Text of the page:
Christ is the Leader of the Small Groups
We continue on our mission to Love God, Love Others, and Make Disciples. If you are currently in a small group or would like to learn more about joining or leading a small group, please call Bill at 561-483-9983, Email him or visit www.ascensionchurch.tv.
All are welcome!
Our latest message series is Who Do You Think You Are? It is the theme for our Small Groups for the next six weeks. Part of the vision for our parish is to share a consistent message, which is why our Small Groups and our Daily Prayer message will have the same theme. Why not join a small group and be inspired? If you are interested in joining a Small Group, Click Here to register online or stop by the Information Booth after Mass to sign up.
OVERVIEW OF THE SERIES: Our identity, or at least who we think we are, forms the foundation of our choices and decisions, fuels our confidence and sense of purpose and determines nearly every aspect of our lives. This series, kicking off our fall season, will explore our sense of identity and the more solid foundation we can find, beyond money, cars, schools, sports and kids, in a life lived according to what God’s word says about who we are.
Are you interested in joining a Small Group? Click Here to help us find the Small Group that is just right for you. Small Groups is where our Big Church becomes small and personal.
Jesus and Small Groups
by Cindy Nau, Communications Director
Jesus Christ is no doubt the greatest small group leader in history. He is our model. Ephesians 5:1-2 tells us, “Be imitators of God .. and live a life of love.” Consider these seven points as explained by Neal McBride in How to Lead Small Groups.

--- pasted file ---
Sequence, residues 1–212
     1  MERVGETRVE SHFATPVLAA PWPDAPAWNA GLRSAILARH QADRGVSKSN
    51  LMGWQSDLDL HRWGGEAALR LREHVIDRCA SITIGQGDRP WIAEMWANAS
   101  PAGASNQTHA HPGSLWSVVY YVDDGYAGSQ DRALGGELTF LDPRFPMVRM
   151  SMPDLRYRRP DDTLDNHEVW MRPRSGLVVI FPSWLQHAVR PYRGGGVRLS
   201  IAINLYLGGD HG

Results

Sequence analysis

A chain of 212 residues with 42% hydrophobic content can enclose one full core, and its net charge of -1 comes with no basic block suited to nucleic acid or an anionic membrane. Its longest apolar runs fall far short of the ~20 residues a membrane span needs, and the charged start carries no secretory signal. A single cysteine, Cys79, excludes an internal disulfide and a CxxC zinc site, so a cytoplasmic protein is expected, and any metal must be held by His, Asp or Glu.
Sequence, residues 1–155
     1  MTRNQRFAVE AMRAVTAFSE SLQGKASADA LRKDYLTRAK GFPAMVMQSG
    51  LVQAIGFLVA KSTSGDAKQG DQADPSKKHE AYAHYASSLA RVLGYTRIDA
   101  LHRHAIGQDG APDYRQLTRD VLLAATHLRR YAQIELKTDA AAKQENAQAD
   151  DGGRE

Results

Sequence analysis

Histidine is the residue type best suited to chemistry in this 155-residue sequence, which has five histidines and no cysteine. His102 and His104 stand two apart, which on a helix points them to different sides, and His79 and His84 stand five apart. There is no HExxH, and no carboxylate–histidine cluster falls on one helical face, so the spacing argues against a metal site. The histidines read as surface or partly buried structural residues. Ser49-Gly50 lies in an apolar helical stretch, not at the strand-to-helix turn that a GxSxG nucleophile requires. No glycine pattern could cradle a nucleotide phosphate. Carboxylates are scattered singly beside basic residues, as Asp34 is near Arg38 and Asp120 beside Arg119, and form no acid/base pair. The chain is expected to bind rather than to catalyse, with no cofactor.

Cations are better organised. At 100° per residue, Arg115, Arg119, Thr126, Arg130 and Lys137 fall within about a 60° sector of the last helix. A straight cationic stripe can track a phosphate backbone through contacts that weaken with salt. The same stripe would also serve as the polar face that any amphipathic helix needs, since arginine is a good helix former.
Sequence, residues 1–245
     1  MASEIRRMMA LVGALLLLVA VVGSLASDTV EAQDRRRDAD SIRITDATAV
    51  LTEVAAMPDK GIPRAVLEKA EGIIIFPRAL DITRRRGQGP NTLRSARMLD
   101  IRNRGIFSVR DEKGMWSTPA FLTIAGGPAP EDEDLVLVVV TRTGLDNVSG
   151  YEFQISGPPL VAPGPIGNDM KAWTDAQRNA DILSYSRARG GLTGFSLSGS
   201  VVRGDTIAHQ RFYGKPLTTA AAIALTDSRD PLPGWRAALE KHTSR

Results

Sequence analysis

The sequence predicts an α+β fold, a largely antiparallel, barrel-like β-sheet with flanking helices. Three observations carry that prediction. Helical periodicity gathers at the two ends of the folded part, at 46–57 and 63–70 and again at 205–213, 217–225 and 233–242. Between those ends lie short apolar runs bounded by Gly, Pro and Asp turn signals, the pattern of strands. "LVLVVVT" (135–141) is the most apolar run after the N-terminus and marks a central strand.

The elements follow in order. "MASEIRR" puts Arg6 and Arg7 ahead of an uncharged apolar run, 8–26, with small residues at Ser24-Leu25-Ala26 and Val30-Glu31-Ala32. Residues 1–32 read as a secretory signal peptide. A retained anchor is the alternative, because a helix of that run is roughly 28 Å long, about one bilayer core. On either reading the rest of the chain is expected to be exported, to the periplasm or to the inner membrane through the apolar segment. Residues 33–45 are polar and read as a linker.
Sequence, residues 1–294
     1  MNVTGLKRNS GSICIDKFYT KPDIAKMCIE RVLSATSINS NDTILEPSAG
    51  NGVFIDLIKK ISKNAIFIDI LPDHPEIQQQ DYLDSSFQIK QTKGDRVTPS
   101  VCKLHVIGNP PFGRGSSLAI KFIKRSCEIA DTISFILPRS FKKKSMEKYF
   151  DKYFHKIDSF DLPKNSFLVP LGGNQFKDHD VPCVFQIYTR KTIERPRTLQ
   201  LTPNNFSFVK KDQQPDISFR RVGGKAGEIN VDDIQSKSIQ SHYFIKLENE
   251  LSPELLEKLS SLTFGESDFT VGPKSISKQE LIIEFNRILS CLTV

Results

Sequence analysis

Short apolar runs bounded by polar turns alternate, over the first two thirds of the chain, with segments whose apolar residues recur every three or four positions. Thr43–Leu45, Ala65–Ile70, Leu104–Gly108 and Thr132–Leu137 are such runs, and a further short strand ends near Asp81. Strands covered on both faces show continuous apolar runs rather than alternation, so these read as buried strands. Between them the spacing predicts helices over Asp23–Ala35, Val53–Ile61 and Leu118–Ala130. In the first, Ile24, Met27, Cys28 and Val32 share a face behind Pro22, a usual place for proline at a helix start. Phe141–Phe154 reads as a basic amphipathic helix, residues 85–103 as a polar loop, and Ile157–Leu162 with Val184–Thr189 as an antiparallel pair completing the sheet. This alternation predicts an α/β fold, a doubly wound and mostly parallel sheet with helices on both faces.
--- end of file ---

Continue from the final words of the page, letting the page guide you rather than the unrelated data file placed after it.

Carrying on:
- Jesus began His earthly ministry by establishing His small group: the disciples. The Son of God certainly did not need the companionship or assistance of the disciples. Yet, from the very beginning, He elected to establish and minister within a framework of interpersonal relationships. The 12 disciples were members of Jesus’ designated inner group.
- Jesus was actively involved in both large and small group ministry contexts. Large group and small group ministries were not pitted against each other. Nor was it the case of one or the other exclusively. Jesus proclaimed His Kingdom to large crowds and met with small groups in homes and spent considerable time with His special group, the Twelve.
- Jesus’ ministry to large groups was preceded by and proceeded out of His small group context. Jesus’ small group emphasis preceded His large group involvement. It was the small group that provided the platform for Jesus’ ministry to large groups of people. Yet, He often withdrew to the familiarity and support of His select small group.
- Jesus spent the majority of His time with His small group. If it were possible to add up the amount of time Jesus spent with disciples, likely the results would show that this group consumed the majority of His time. They were together constantly; they traveled together, shared meals, experienced mutual hardship, and literally lived together. As Jesus’ crucifixion drew closer, He spent more and more time with His small group, but less and less time with the multitudes that sought Him out.
- Relationships, not organizations, were central in Jesus’ method. Jesus gave little, if any, time and attention to building an earthly organization. The Kingdom He sought to proclaim was not a material organization, but rather a heavenly realm. His message, the gospel, was of greater concern to Him than establishing and running a human institution.
- Jesus used the small group context to teach and model spiritual knowledge, attitudes and behavior. Jesus taught and modeled spiritual truth by simply drawing members of his small group close to Himself. It was not a formal or academic experience. The small group members simply participated with Christ in whatever He did. They saw and experienced the attitudes and actions He was encouraging others to adopt.
- The small group was Jesus’ method for leadership training. Jesus devoted Himself primarily to the task of developing a select group of men, the Apostles. His goal was to equip this small group of disciples to carry on the work of the gospel after He returned to the Father.